When Keith Giffen's revamp of "Doom Patrol" was first announced, I remember a lot of promises that it would somehow encompass all versions of the team over the years. Aside from killing off some members of the John Byrne iteration of the team and some brief appearances of Bumblebee, though, that promise has gone mostly unfulfilled. Well, at least until now, where Giffen seems to be doing everything in his power to make up for lost time on that front.
The problem with this technique is that it feels like Giffen is throwing everything at the wall, trying to lure readers back in. The end result is an issue where the main characters are only on one page, and we get jumps to heroes and villains of "Doom Patrol" past as they all hurriedly get pulled into the story. Some are names I had to look up; I don't think I ever would have remembered (to mention an obscure character) that Thayer Jost was the financial backer of the team during the John Arcudi run on "Doom Patrol." Other faces are a little more familiar, and quite frankly a bit surprising. I hope Giffen has a strong story to go with these characters returning; it feels right now like it's pandering towards a departing readership, but I'd be glad to be proven wrong. It's almost like the comic equivalent of stunt casting, where high-profile actors role in during sweeps month to try and entice new viewers to stop by with them.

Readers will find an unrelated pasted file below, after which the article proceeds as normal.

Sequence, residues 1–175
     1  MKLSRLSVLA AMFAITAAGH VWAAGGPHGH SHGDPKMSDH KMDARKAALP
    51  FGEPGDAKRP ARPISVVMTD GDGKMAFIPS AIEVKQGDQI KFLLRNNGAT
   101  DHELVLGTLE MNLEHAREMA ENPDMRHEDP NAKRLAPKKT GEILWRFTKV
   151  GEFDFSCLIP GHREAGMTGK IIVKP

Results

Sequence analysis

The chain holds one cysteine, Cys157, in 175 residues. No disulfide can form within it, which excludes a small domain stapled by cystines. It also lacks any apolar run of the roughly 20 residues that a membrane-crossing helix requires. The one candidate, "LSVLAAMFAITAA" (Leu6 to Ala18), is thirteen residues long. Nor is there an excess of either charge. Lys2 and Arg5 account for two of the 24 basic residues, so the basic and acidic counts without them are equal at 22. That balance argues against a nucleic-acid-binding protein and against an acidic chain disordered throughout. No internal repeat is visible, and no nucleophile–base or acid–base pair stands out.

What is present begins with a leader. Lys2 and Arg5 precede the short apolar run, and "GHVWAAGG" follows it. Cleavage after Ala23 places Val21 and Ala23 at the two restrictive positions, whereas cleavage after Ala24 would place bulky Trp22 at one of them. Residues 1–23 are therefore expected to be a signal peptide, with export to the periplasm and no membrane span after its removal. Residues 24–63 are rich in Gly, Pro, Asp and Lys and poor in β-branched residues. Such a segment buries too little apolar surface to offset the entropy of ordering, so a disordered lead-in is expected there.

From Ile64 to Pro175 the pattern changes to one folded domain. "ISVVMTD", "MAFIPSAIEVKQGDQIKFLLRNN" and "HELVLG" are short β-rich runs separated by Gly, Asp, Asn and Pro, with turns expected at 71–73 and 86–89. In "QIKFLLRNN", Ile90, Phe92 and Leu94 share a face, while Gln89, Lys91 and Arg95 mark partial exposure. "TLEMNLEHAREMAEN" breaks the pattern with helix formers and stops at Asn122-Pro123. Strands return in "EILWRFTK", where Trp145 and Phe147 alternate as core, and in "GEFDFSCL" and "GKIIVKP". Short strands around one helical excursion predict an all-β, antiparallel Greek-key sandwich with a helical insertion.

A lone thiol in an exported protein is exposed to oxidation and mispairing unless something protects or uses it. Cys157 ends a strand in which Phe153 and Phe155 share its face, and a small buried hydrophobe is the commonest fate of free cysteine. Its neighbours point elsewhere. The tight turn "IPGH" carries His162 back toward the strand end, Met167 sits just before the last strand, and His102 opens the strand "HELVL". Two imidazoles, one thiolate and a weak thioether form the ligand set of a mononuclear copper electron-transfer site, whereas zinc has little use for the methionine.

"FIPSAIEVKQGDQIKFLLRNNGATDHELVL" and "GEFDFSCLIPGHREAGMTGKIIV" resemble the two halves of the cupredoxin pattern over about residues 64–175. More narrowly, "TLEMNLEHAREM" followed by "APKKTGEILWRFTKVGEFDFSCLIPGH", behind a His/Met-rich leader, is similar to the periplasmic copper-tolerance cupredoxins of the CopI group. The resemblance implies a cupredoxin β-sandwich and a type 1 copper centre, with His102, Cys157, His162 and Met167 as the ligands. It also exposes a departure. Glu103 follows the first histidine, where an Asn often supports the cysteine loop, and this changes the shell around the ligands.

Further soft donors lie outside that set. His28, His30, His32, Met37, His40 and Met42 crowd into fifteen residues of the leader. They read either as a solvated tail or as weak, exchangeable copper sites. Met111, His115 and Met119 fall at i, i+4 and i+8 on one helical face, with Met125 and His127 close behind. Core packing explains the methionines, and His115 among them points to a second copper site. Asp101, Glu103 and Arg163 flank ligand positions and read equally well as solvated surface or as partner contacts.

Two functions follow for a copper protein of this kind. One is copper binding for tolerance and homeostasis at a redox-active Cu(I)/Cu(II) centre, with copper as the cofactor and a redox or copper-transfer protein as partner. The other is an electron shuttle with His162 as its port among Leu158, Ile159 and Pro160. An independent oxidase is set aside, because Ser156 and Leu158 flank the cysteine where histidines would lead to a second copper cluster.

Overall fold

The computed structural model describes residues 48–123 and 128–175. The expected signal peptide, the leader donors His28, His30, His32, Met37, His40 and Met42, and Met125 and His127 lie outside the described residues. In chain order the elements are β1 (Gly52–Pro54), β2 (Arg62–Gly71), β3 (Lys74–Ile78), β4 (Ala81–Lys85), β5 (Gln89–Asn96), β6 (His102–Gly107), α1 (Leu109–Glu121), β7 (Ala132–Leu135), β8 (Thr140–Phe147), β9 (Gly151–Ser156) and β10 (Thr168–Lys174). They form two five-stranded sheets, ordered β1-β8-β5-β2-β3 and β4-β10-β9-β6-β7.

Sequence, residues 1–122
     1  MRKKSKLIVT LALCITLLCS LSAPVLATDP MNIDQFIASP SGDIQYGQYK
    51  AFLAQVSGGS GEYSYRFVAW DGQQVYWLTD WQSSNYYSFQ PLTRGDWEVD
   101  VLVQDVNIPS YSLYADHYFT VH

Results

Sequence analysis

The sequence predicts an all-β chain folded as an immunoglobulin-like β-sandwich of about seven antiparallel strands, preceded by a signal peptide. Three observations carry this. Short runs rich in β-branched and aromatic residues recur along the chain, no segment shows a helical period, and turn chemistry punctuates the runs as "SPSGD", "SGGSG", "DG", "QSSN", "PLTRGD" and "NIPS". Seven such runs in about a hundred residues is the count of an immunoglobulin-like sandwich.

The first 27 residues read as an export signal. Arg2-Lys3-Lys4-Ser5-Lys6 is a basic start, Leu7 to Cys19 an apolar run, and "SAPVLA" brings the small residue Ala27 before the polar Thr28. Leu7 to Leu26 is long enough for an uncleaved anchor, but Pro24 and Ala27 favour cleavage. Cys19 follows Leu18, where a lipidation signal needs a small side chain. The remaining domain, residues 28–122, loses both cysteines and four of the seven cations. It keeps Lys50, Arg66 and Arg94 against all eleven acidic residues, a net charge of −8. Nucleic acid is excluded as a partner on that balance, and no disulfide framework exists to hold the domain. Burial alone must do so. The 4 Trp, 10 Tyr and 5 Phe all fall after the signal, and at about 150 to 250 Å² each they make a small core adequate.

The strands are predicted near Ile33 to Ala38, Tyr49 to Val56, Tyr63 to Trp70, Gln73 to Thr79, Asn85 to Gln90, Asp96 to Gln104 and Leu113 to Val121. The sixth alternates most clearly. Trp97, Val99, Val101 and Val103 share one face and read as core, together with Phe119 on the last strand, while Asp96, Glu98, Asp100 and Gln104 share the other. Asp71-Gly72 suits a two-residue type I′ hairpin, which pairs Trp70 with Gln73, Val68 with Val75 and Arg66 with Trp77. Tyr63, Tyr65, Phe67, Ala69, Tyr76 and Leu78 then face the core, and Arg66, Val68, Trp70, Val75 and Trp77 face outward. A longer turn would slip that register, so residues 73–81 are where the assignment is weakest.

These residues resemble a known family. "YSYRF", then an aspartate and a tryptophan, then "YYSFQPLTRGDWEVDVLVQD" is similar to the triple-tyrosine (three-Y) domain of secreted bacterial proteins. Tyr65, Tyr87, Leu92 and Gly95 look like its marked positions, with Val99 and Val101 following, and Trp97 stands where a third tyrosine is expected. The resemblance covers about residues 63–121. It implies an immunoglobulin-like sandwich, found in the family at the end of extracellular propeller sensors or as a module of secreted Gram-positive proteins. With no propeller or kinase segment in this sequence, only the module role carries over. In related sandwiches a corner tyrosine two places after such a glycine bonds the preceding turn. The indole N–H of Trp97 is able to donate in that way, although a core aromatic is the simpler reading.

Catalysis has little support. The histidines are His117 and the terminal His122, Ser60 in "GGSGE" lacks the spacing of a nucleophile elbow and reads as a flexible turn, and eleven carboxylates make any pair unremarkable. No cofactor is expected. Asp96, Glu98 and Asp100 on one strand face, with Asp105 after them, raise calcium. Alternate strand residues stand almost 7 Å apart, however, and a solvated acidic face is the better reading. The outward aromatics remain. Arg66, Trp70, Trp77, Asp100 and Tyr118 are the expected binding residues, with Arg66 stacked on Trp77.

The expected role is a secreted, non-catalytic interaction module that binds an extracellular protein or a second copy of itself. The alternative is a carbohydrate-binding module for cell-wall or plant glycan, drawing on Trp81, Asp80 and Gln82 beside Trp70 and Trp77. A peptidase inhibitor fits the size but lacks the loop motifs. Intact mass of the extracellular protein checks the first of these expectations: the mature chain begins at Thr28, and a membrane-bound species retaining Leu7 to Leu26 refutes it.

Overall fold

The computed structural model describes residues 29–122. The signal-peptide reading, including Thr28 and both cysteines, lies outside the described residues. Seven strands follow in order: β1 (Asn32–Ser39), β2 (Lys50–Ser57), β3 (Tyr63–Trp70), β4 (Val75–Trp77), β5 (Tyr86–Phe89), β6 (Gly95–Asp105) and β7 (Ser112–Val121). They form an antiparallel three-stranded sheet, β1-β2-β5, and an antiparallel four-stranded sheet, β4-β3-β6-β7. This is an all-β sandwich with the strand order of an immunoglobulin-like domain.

It probably also doesn't help that in a book that's focusing on the supporting cast this month that I find it hard to care about them. Characters like the Oolong Island staff, Rocky from the Challengers of the Unknown, or even the Chief are failing to offer up any story hooks that make them compelling characters. It's actually a little disappointing that even in their big spotlight issue, they aren't coming across as terribly interesting. When Oberon and a moving company for superhumans being introduced ends up as the most exciting part of the book, something has gone slightly wrong for the past six issues.
Matthew Clark is joined by Cliff Richards this month to pencil the book, and while both of them are good artists, it's a strange combination. Their artistic styles don't look much like one another; heavily detailed on one page, then open and clean on the next. I do have to commend Clark (or at least I'm guessing it's him) for his artistic depiction of a certain character from "Doom Patrol" past; he apes the style and look in a way for this character that actually made me grin at the care put into that splash page.
"Doom Patrol" #7 also has the final installment of the Giffen, J.M. DeMatteis, and Kevin Maguire second-feature starring the Metal Men. This was normally my favorite part of the book, although it falls slightly flat here with a sudden rush to wrap things up. It's too bad, because the early pages show off the slightly juvenile humor that made the book fun, especially with Maguire's beautiful art. As it's hurried towards a conclusion, though, it's a hint at what could have been if the second feature had only continued.
With the Metal Men gone, Giffen was smart to bring in some special guest stars from the past. But even then, I'm starting to feel like he's got maybe one or two more issues to convince me that things are turning around. For now, this is a series that looks to be floundering, and I'm not convinced that it's going to become seaworthy any time soon.